Sent to the NCI, this 67-year-old hears that an operation is out of the question but he needs to come frequently for “light allanna” (radio-therapy). He does not need to stay as an in-patient but regular visits are important. So he stays at a temple close by. “Fate is such….what to do,” he says with stoic resignation.

These are the people who would benefit from some semblance of a home away from home once the Cancer Transit Home becomes a reality.

Fund-raising activities

The charity ball, ‘Imagine 2008’ organized by the CCC Foundation to raise funds for the Cancer Transit Home will be held on November 21 at the Main Ballroom of the Mount Lavinia Hotel.

“We also intend to have a silent auction at the ball of various items donated to us, with the proceeds being credited to this fund,” says a CCC organizer.

The CCC Foundation is a not-for-profit organization which works with the Royal Children’s Hospital and The Peter MacCallum Cancer Centre of Melbourne to implement best practice oncology treatment and care of children at the NCI.

Among its projects has been raising funds for a 14-bed children’s ward which was opened in August 2006. The CCC Foundation was launched five years ago in Australia to support children at the NCI and in early 2008 saw the birth of the i Lankan arm to raise funds to build CCC House.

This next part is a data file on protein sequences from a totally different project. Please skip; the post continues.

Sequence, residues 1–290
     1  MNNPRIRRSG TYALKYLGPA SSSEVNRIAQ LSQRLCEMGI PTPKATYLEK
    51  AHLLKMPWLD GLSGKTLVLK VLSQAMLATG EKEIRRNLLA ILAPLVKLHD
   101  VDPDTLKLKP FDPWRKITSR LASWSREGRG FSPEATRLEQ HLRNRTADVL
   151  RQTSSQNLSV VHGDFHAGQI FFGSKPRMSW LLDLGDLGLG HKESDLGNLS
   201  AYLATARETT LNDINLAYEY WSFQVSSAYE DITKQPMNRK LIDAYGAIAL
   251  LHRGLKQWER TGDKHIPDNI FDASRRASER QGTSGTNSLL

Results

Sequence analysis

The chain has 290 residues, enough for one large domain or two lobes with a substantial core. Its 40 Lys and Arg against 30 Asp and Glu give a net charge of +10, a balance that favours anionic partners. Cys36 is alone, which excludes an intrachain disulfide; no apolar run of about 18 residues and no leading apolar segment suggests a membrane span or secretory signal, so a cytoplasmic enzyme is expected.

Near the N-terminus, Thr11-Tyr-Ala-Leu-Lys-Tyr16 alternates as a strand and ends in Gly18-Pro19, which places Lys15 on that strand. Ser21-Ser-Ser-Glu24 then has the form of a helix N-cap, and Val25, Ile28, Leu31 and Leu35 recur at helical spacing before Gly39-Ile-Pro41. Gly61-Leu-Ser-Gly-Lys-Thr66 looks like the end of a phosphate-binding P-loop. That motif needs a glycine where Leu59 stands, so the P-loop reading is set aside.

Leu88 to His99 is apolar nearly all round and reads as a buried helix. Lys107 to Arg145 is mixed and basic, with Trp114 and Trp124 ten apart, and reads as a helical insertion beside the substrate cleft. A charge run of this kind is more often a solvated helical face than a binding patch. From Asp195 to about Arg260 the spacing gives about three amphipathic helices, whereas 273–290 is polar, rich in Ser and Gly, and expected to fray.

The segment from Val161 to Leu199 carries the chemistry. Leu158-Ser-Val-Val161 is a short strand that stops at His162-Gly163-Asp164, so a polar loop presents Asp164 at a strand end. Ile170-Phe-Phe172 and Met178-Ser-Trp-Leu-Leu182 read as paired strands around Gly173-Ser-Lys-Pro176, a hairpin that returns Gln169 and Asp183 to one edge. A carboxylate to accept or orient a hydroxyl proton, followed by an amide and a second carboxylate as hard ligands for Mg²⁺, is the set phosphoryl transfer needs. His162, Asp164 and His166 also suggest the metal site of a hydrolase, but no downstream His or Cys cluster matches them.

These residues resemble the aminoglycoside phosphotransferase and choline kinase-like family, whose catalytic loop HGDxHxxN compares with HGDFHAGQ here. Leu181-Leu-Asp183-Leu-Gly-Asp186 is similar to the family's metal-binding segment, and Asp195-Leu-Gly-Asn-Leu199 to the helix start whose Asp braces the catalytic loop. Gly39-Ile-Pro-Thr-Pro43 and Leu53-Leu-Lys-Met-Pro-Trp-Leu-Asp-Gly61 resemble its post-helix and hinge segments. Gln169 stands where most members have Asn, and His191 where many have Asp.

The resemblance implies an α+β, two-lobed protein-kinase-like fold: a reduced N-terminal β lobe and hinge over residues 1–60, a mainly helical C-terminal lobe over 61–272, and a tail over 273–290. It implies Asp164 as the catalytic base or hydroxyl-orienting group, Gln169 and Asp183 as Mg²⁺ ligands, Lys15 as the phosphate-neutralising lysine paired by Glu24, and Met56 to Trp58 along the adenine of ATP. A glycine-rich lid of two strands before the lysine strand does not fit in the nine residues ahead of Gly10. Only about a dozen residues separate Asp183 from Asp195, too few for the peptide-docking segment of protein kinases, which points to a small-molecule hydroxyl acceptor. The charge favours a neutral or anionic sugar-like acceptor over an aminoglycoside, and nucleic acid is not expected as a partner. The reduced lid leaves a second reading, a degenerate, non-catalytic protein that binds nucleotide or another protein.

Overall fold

Generous donors could make a contribution to: HSBC Account No. 001-196104-001. Cheques payable to CCC Foundation Sri Lanka could also be deposited in this account.

Top to the page  |  E-mail  |  views[1]
Other Plus Articles
Making them feel at home
Stop robbing people of their right to movement - Letter to the Editor
Fond memories of a gracious Matara couple - Letter to the Editor
The world backs Obama - Letter to the Editor
Road needs repair work - Letter to the Editor
Much-loved First Lady was a true daughter of Lanka - Appreciation
A noble teacher who taught from the heart - Appreciation
A true friend who will live on in our hearts and minds - Appreciation
His pioneering Sinhala textbooks shaped generations of students - Appreciation
Ways to lighten your light-bill burden
Romantic voyage with Dabare and Eshantha
Commonwealth commendation for Neluka’s short story
A skilful unfolding of history and romance
An artist with a gift she loves to share
A portrayal of adolescence
Being one with Jaffna
Monastic meandering
Recognising the role of literature in shaping society
Felicitating a veteran in the legal fraternity
CARM to host 5th South Asian Regional Workshop
Zonta Club III launches the ZWOT Mentorship Programme
Step into elegance and style this Christmas


Reproduction of articles permitted when used without any alterations to contents and a link to the source page.
© Copyright 2008 | Wijeya Newspapers Ltd.Colombo. Sri Lanka. All Rights Reserved.| Site best viewed in IE ver 6.0 @ 1024 x 768 resolution